OneWeb Satellites Set For Launch by SpaceX Soon

British satellite internet service provider, OneWeb, whose satellite launch plans were suspended as a
collateral impact of the Ukraine-Russia conflict, has chosen American space operator SpaceX to launch
the remainder of its satellites. Announced earlier today, OneWeb stated that the first launch with
SpaceX is “anticipated in 2022″– without disclosing either the terms of the agreement, or a timeline for when the first batch of OneWeb satellites could be launched with SpaceX.

“We thank SpaceX for their support, which reflects our shared vision for the boundless potential of
space. With these launch plans in place, we’re on track to finish building out our full fleet of satellites
and deliver robust, fast, secure connectivity around the globe,” said Neil Masterson, Chief Executive Officer, OneWeb.

OneWeb is part-owned by Indian telecom operator, Bharti Group, along with the Government of the
United Kingdom. The company is building a constellation of 648 low-Earth orbit (LEO) satellites, of which 428 satellites, or two-thirds of the constellation, have already been deployed in orbit. OneWeb’s regular launches were being conducted with Russian rocket Soyuz, which is operated by Roscosmos – the Russian state-owned space agency.

However, regular plans came to a halt after Roscosmos Chief, Dmitry Rogozin, stated earlier this month
that the Russian space agency would no longer launch OneWeb satellites aboard their rockets – unless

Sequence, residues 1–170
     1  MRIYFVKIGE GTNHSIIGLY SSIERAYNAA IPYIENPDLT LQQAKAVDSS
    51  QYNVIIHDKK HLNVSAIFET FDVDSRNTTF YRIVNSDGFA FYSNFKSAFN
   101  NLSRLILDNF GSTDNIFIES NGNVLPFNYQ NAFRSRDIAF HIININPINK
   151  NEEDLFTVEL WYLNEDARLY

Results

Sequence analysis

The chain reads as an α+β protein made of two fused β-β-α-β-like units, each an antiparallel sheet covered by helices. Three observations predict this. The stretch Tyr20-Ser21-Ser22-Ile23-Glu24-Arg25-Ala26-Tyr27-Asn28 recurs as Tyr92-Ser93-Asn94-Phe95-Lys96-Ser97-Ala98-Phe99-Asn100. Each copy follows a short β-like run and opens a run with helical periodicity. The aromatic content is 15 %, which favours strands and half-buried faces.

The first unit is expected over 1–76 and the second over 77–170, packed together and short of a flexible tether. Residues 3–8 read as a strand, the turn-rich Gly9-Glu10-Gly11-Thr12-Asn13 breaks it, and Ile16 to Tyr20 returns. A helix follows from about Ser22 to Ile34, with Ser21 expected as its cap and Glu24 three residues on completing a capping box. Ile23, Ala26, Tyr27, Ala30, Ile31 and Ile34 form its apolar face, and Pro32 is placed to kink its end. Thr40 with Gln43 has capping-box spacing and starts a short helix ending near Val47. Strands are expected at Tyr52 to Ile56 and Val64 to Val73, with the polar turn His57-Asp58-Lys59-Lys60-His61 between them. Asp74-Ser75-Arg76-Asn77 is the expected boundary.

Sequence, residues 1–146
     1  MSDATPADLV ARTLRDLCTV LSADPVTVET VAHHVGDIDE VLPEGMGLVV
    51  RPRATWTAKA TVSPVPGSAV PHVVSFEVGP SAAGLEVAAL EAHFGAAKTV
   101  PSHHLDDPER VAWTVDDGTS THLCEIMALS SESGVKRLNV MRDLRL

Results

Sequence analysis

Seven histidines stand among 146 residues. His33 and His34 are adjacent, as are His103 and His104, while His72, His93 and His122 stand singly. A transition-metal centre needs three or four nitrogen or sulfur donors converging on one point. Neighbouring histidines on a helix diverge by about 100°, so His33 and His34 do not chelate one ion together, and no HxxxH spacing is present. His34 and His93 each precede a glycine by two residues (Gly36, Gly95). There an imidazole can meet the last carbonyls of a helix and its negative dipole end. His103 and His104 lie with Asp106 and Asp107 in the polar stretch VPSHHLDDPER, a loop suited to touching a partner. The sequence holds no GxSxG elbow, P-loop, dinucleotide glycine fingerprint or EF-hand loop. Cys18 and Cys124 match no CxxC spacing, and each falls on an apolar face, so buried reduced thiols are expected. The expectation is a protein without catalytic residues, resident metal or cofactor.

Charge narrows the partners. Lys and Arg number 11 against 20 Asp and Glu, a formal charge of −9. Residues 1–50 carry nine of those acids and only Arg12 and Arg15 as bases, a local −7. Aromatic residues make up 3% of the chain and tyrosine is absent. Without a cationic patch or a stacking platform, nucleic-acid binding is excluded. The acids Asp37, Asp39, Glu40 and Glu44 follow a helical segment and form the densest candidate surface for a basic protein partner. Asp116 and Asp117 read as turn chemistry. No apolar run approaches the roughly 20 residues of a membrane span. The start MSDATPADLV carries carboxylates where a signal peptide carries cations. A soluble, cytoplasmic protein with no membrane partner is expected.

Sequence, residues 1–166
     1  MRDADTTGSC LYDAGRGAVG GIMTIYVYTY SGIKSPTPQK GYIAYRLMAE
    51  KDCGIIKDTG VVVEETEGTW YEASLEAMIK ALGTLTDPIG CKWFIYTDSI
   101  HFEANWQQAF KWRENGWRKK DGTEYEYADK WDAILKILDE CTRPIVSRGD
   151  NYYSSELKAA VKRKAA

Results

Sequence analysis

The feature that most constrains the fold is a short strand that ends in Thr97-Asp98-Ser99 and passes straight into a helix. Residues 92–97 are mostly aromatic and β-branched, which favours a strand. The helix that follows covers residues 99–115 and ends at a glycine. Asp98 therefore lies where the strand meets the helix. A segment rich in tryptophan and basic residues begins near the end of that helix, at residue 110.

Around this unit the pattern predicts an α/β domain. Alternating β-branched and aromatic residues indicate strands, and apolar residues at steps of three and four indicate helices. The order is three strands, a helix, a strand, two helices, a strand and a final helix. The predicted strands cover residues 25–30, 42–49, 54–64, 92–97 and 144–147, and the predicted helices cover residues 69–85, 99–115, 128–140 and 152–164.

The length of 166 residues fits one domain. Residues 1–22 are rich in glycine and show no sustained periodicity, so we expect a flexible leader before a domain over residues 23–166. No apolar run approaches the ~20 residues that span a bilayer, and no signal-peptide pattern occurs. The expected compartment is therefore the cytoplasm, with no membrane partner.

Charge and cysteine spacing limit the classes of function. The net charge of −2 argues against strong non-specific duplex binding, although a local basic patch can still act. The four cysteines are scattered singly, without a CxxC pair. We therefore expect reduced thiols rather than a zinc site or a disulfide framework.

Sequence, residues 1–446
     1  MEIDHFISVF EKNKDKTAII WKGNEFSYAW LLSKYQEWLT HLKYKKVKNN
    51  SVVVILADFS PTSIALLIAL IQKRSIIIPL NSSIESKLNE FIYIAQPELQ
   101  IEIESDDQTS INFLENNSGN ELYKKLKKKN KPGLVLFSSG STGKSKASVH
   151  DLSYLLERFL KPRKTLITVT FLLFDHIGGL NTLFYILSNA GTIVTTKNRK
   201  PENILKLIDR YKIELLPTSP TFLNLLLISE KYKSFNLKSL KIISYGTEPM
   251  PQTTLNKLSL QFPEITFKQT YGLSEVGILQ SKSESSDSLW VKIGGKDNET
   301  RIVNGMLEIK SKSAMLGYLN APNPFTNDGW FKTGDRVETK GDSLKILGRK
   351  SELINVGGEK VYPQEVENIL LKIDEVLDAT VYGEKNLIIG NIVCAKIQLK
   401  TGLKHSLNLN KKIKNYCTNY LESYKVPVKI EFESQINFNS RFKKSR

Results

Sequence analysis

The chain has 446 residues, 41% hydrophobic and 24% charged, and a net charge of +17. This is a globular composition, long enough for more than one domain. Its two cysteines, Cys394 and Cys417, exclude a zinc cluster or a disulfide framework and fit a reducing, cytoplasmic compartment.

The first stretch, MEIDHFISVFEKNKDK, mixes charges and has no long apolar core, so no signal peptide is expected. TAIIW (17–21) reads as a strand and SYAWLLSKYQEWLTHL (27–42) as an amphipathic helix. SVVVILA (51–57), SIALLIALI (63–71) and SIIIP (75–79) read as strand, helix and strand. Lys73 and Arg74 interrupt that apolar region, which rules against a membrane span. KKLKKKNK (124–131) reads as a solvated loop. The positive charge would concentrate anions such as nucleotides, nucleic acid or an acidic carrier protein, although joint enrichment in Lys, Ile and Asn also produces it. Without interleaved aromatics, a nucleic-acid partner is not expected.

the UK government decides to give up their stake in the company, and OneWeb sign an agreement
stating that their satellites will play no part in any geopolitical conditions. Rogozin’s words resulted in
conflicts escalating between Ukraine and Russia, which prompted numerous countries, including the UK, to impose economic sanctions against Russia.

A total of 36 OneWeb satellites were scheduled to be launched aboard an upcoming Soyuz mission, but
plans were put on hold in the aftermath of this announcement. On 9 March, a OneWeb spokesperson
had told Mint that the company was “looking at all available options,” which also included the Indian Space Research Organisation (ISRO), to complete launches of their future satellites.

Shivaji Chatterjee, Senior Vice-President of Hughes Communications, a technology partner of Bharti
Global and OneWeb for their satellite internet plans, told Mint that Roscosmos’ refusal to launch
OneWeb satellites will likely push back plans for OneWeb’s global commercial launch of services by a
couple of months.

Chatterjee had also affirmed that losing the batch of 36 satellites due to Russia’s refusal to continue its
contract would likely not affect OneWeb too heavily. “The situation is not like how it would have been
with geostationary satellites, where only one satellite is made and launched. Now, a new set of satellites
will need to be added at the end of the schedule. Each one of OneWeb’s 648 satellites in the
constellation can be made every day by Airbus. If 36 satellites are lost, they can be made up in the next
40 days or so," he said.